Canada’s export outlook in 2022 | EDC

Assets related to industrial production are also hot. Mining exports are more than 40% above pre-pandemic levels, and chemicals and plastics exports are not far behind. Forest product shipments are also booming, driven by strong homebuilding activity in the United States and a global need for paper packaging, driven in part by the boom in door-to-door delivery and in part by the need for sustainable packaging. Also add consumer goods and agri-food exports to the list of winners.

Progress is, unfortunately, still “K-shaped”. The lower end of the “K” sees familiar industries. Lowest in the ranking is aerospace and other transportation equipment. Travel and tourism-related activities have a lot of potential, but are still very weak and also weigh on services exports. The outlook rests firmly on progress in managing the Omicron variant of the pandemic and country-by-country responses to new outbreaks.

Another prominent underground dweller is the automotive sector. Unlike travel, autos and parts are still down not because of demand, but because of persistent supply shortages. Semiconductors are the key issue, although major manufacturers have promised in recent weeks that supplies will rise earlier in the new year than expected. Demand for vehicles is still hot, and it is expected that when new vehicles become available again, pent-up demand will lead to an instant increase in sales in the United States. Of all the sectors, it is the one with probably the best short-term prospects and could well emerge from the basement of the penthouse in record time.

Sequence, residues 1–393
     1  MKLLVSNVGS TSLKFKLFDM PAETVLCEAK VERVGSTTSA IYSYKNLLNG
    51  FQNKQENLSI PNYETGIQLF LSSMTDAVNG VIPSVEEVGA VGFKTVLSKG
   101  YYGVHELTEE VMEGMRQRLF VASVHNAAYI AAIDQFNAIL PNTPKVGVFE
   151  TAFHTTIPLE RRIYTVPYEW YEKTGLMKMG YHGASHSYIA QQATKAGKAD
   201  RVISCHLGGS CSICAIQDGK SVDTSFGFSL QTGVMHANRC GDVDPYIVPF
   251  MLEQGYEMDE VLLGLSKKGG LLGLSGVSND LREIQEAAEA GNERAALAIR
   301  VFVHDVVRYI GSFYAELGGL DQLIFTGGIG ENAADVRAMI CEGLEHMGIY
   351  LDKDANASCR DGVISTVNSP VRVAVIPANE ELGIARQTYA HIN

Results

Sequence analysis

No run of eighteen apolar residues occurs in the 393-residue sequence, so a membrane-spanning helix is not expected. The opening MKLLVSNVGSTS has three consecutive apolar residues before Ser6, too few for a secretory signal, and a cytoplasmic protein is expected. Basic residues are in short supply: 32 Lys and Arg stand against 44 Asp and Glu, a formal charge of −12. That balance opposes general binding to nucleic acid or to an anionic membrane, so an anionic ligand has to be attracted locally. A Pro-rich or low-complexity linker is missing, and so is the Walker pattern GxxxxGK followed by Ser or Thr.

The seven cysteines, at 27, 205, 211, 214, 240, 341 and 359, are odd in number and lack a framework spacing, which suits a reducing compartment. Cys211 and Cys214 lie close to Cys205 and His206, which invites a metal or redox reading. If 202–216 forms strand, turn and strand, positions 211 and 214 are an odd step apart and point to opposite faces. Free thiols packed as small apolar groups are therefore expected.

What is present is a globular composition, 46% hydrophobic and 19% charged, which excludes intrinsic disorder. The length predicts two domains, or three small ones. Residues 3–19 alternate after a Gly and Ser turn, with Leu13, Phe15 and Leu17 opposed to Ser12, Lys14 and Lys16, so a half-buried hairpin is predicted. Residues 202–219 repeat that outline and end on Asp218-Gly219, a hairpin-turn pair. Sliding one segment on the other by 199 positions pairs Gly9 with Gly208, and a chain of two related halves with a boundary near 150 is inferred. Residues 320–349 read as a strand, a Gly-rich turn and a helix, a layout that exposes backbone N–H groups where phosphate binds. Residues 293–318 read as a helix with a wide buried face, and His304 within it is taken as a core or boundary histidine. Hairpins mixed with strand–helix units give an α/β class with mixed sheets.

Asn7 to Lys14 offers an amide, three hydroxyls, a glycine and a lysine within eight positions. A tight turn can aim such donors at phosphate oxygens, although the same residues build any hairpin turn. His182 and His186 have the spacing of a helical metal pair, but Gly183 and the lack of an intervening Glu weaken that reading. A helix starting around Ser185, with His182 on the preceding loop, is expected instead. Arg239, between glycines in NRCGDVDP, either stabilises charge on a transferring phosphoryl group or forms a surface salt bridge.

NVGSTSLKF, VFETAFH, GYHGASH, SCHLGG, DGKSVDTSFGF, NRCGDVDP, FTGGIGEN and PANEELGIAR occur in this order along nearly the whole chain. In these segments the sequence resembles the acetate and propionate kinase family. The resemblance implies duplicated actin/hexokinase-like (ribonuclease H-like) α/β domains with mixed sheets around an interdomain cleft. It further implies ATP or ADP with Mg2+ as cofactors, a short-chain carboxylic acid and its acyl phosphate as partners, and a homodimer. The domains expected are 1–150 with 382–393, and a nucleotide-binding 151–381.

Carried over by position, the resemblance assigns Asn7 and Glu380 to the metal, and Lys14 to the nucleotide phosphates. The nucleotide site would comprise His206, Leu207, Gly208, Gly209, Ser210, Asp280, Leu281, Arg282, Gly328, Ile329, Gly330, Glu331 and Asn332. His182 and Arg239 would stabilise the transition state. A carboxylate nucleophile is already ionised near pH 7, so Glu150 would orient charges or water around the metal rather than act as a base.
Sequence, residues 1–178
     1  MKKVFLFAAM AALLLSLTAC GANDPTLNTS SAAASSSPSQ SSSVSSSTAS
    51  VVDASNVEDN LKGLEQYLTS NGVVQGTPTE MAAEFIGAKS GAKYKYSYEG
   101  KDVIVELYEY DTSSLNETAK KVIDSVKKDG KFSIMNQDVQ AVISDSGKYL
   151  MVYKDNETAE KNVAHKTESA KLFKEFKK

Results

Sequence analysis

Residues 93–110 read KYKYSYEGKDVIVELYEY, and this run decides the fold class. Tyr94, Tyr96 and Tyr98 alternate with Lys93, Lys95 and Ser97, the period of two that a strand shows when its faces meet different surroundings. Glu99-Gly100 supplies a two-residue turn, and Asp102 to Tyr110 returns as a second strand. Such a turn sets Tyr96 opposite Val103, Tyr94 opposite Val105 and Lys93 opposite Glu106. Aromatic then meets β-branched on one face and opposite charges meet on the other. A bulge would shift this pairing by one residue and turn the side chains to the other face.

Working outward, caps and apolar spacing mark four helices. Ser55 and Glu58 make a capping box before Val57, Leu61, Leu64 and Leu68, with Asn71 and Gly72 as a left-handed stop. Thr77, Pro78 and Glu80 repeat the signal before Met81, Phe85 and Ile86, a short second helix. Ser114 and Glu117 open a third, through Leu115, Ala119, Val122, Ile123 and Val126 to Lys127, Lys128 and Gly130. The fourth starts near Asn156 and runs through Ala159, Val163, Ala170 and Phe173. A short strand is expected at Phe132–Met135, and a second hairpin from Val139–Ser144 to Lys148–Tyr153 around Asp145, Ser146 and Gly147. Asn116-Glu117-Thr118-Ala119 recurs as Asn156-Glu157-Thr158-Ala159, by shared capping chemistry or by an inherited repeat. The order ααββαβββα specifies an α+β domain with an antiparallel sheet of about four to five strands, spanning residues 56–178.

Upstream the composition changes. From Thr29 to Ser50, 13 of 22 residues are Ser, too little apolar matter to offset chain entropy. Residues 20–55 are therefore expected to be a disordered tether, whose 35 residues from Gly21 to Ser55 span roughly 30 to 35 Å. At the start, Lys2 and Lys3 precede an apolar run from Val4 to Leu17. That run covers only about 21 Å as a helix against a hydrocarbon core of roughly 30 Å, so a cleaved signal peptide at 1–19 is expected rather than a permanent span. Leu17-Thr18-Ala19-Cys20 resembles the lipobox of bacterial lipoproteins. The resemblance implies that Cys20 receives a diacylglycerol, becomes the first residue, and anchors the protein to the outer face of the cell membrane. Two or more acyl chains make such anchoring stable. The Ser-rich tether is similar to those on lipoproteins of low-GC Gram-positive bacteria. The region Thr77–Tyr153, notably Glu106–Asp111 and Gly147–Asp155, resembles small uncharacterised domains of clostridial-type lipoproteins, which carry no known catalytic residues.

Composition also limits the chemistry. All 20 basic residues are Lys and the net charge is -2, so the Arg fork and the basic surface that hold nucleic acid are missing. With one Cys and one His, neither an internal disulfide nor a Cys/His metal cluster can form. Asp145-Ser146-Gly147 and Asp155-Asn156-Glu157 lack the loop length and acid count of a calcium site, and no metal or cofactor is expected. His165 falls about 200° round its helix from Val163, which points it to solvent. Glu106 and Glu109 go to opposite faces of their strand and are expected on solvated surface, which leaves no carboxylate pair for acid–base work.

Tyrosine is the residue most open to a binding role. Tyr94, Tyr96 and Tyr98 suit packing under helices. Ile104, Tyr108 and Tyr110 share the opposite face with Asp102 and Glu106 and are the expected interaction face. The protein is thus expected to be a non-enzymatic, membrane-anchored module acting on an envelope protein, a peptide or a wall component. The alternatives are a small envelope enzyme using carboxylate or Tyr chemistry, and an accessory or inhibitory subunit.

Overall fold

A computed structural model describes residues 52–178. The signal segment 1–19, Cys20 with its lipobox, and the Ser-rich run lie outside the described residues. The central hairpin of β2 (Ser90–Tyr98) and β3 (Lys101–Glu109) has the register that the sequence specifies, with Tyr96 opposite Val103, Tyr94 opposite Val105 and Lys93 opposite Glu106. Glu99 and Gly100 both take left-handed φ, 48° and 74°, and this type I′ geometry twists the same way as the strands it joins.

With the high flyers set to gain altitude and the stragglers ready to take off, it looks like there’s a lot more heat to add to the current scorching growth. Given that tight capacity has been a key feature of 2021, this year may see a long-awaited increase in investment as Canadian exporters prepare to meet real market demands.

The bottom line?

The new year is already marked by the big growth surprise that hit the global economy at the end of last year. This is evident in the latest released labor, price and capacity data, and it is clear in Canada’s recent and future business activity. This is no surprise from a fundamental perspective; they were still pointing to a big surge of activity. Unfortunately, economic fundamentals have been overshadowed – but not eradicated – by the pessimism produced by the pandemic. It is good to know that when sanitary conditions allow it, there is already an economy buzzing.

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